The answers to these questions will help you start to form the outline of your succession plan. Once you know who you would like to oversee your business’s succession, you can create instructions that guide the transition as smoothly as possible. Your business is your life’s work, doesn’t it make sense to create a plan to protect it? 

Create a Succession Plan that Works

For a succession plan to work, it should be written down and fully detailed. An experienced estate planning and business attorney can help you make sure that the plan includes all necessary instructions. Depending on your goals for your business, it may include elements such as buy-sell agreements, that give co-owners the opportunity to outline a fair transfer of ownership shares. It may also include life insurance, not just for your family’s benefit, but to support a buy-sell agreement or to give your successor some time to oversee the transition or dissolution of your business.

All too often, the unexpected death or incapacity of a business’s owner or founder leads to a rapid decline and eventual bankruptcy of a business. A plan can prevent this fate.

Naming a Power of Attorney and Successor

Regardless of whether you want your business to wind down or to continue thriving after you leave the helm, it will be essential that you provide all necessary information for an executor or successor to take control during the transition. That means that your succession plan should include all account names and passwords for all bank accounts, email accounts, social networking sites, and file storage sites.

It will also be essential that you have Durable Power of Attorney documents in place before the unexpected occurs. If you become incapacitated, even temporarily, it is important to have an individual empowered to carry on business affairs such as payroll.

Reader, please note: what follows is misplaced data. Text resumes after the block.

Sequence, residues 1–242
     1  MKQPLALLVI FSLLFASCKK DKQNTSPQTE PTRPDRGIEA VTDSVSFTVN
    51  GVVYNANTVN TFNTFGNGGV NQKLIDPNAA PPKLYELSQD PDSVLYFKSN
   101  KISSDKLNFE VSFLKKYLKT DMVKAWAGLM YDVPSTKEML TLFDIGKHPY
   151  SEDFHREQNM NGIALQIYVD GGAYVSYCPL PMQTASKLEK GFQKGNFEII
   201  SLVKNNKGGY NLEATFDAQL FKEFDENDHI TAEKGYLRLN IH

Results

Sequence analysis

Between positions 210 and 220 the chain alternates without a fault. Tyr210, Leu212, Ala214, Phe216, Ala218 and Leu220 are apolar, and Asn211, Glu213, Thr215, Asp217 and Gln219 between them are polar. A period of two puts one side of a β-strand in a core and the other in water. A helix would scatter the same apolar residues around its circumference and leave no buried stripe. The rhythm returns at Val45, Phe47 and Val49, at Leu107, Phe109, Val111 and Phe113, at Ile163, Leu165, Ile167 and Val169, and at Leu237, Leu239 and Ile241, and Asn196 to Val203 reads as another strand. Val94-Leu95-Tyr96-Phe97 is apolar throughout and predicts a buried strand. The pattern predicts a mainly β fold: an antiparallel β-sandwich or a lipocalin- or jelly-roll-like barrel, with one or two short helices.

Keep Your Resolution by Working with an Experienced Estate Planning and Business Attorney

When planning for your business’s future, there will be a lot to consider. Don’t let this resolution be one that fades away by February. Consult with the experienced business and estate planning attorneys at Brian M. Douglas & Associates to determine which is the best plan for you and your family. Call our office at (770) 933-9009 to schedule an appointment, and let’s start the new year off right.

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Brian Douglas

About the Author

Brian M. Douglas is a highly qualified and dedicated Atlanta Estate Planning lawyer who can help you in your time of need. Learn more about your legal options during a consultation in Atlanta, GA.

Atlanta, GA Estate Planning Attorney, Brian M. Douglas, assists clients in all areas of life & wealth planning. Services provided include estate planning, trusts and estates, planning wills and trusts, power of attorney, probate and trust administration, small business law, corporate law, real estate transactions and law, long-term care and Medicaid, veterans benefits, charitable planning, special needs and disability planning, estate tax planning, business succession planning, Medicaid crisis planning, and asset protection. Brian M. Douglas serves all of Atlanta, Georgia, along with Cobb County, Cherokee County, Fulton County, Forsyth County, Dekalb County, Gwinnett County, and Douglas County.